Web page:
Clover and Your Horse's Health

Newsdate: Fri, 19 Aug 2011 - 12:24 pm
Location: SAN DIEGO, California

Horses grazing in pastures where clover is present face health problems depending on the type of clover, how much is present in the forage, and whether or not it is contaminated with fungus or other toxins. Hay can also be contaminated with clover if it is improperly put up or stored improperly.

Alsike clover - toxic to horses

Alsike clover - toxic to horses

Horses grazing in pastures where clover is present face health problems depending on the type of clover, how much is present in the forage, and whether or not it is contaminated with fungus or other toxins.
© 2015 by Pethan

Three of the most common problems found in horses eating clover involve:

  1. The toxin slaframine in Red Clover infested with Rhizoctonia leguminicola which causes excessive salivation
  2. A photosensitivity response created by Alsike clover(Trifolium hybridum) that is secondary to liver damage
  3. Sweet clover poisoning that results from molds that grow in sweet clover silage or hay that is put up while too wet.

The red clover plant itself is not toxic. The toxin, slaframine, is produced by the Rhizoctonia fungus which grows on clovers and alfalfa during periods of stress (high humidity, drought, and continuous grazing). Hay made from contaminated forages is also suspect, and the slaframine can remain in hay for several years.

When consumed while grazing or as hay, clover infected with this fungus will often cause horses to slobber excessively. This is known as Slaframine poisoning. The fungus infects red clover, white clover, alsike clover, and alfalfa. Slaframine poisoning is not life-threatening, but it can cause excessive salivation,

The slaframine stimulates the salivary glands and causes horses to drool. Although this is a nuisance, horses rarely suffer any health effects from grazing infected clover.

Other symptoms occasionally include tearing, skin lesions, difficulty breathing, increased urination and feed refusal. It is not uncommon for some horses in a pasture to be more effected than others, since horses vary in their preference for clover and sensitivity to the toxin.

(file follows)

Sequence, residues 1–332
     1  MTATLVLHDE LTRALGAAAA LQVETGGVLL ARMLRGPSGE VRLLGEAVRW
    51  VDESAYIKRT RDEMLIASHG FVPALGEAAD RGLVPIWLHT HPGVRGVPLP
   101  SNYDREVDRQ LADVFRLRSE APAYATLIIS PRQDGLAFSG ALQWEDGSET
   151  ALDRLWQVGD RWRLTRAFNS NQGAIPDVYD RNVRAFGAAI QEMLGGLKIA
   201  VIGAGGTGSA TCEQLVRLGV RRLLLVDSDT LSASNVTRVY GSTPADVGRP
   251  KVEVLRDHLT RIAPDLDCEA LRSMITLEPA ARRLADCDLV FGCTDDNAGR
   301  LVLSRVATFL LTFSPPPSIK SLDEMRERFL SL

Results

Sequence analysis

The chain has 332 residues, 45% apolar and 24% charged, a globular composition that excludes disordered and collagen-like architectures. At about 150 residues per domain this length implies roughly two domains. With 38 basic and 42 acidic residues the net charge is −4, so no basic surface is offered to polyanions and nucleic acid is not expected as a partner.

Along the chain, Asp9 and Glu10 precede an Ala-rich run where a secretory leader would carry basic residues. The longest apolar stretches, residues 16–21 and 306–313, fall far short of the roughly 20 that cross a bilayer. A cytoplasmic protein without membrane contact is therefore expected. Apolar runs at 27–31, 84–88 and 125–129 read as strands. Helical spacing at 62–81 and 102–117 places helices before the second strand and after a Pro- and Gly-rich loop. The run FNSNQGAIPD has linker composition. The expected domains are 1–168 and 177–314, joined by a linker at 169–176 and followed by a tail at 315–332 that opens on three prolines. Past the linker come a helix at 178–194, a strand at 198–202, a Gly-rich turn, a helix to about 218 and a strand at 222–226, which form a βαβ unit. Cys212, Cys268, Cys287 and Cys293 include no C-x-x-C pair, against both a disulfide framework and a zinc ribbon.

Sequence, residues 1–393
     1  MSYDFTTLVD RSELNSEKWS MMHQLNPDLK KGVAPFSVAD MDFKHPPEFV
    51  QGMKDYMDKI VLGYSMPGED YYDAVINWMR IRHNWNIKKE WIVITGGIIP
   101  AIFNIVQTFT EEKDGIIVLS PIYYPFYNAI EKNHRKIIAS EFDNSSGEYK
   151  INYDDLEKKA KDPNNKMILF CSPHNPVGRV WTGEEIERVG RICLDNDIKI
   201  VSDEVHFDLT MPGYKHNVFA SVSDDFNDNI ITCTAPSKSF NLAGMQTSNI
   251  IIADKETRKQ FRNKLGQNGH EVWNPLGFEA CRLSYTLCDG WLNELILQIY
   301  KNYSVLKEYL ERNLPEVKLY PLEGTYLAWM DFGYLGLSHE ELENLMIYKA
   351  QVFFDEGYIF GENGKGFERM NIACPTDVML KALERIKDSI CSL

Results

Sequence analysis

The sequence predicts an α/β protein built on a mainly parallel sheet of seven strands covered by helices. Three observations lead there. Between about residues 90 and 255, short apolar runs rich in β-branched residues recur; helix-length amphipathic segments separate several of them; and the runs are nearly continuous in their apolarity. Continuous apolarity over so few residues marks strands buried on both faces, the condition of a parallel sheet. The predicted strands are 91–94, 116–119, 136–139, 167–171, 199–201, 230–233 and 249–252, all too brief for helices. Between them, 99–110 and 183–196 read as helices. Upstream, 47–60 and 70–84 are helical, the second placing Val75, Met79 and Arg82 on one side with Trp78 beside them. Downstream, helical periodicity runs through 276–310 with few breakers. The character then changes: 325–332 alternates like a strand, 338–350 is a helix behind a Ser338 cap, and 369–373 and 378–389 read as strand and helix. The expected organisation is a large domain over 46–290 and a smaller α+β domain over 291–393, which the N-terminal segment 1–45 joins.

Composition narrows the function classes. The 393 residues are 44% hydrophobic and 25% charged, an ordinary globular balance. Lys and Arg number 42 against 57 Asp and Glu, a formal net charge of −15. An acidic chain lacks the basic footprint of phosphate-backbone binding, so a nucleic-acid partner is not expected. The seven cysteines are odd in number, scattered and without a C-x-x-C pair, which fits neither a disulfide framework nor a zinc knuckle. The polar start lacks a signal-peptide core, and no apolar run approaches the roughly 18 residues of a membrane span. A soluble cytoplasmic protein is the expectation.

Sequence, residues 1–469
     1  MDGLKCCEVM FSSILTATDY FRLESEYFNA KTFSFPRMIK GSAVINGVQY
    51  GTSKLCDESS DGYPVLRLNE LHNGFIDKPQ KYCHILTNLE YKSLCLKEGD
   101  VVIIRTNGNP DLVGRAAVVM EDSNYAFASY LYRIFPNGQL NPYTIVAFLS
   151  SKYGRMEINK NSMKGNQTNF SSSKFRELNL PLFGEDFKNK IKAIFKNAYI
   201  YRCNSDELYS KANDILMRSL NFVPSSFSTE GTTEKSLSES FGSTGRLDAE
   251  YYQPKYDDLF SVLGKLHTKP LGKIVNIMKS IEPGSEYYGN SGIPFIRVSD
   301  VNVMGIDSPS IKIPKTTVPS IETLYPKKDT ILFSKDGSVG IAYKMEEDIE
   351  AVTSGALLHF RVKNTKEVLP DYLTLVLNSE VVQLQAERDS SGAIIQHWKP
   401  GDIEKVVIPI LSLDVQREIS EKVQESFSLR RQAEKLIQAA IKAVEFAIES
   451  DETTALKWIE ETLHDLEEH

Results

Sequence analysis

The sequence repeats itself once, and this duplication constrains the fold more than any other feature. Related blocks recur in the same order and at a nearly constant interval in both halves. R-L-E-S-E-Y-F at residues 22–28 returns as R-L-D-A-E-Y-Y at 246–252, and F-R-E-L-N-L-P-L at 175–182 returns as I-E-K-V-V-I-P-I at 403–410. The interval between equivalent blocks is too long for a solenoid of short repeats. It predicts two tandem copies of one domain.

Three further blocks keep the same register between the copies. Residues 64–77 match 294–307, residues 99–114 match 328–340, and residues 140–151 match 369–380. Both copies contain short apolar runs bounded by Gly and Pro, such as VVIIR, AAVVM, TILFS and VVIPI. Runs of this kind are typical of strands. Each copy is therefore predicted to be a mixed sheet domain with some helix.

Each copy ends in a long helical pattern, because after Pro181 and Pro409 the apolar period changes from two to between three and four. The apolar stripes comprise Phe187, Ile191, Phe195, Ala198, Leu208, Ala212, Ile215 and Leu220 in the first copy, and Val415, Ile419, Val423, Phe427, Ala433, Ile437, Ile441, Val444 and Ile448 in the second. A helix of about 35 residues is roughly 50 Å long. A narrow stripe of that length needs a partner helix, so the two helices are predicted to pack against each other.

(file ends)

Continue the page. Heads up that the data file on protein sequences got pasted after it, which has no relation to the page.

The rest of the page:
There are several strategies to reduce drooling caused by Rhizoctonia:

  • Remove horses from infected pastures.
  • Mow pastures until brown spots are no longer present on the leaves.
  • Increase the concentration of grass by applying nitrogen fertilizer in spring and fall.
  • Rest and rotate pastures to allow the grass to remain tall and competitive with the clover.
  • Broad leaf herbicides, labeled for pasture use, can be used to remove existing clover plants from pastures.

Alsike clover creates a photosensitivity response secondary to damage in the liver caused by alkaloid in the plants. Chronic or nervous clinical signs and liver disease including biliary fibrosis and epithelial proliferation may occur.

This photo-sensitivity is caused by photo-reactive pigments in the plant that are absorbed into the blood when the horse eats the clover. In the presence of ultraviolet light from the sun, these then react in areas of non-pigmented skind and the horse's skin sunburns. Generally a horse has to consume these plants for several months before the liver effects become severe.

The best strategy is to remove all alsike clover from pastures by using a recommended broad leaf herbicide labeled for pasture use and rotate crops to allow grass to be competitive with the clover.

Sweet clover poisoning occurs as a result of molds that grow in poorly managed sweet clover silage or hay that is put up too wet. The chemical dicoumarol in the molds blocks normal blood clotting in animals that consume large quantities. Commonly found in commercial rodent poisons, dicoumarol is readily eaten by animals.

Signs of sweet clover poisoning include abnormal bleeding with spontaneous noseblees and black-tar-like manure. Swelling of joints, lameness and difficulty in breathing can occur if heavy doses are consumed.

Treatment consists of removal of the feed source and administration of vitamin K to restore normal blood clotting.

Again, proper pasture management can prevent sweet clover from becoming a major part of forage and proper management of hay storage to minimize presence of clover and conditions that allow mold to grow should be a priority.

About the Author

Flossie Sellers

Author picture

As an animal lover since childhood, Flossie was delighted when Mark, the CEO and developer of EquiMed asked her to join his team of contributors.

She enrolled in My Horse University at Michigan State and completed a number of courses in everything related to horse health, nutrition, diseases and conditions, medications, hoof and dental care, barn safety, and first aid.

Staying up-to-date on the latest developments in horse care and equine health is now a habit, and she enjoys sharing a wealth of information with horse owners everywhere.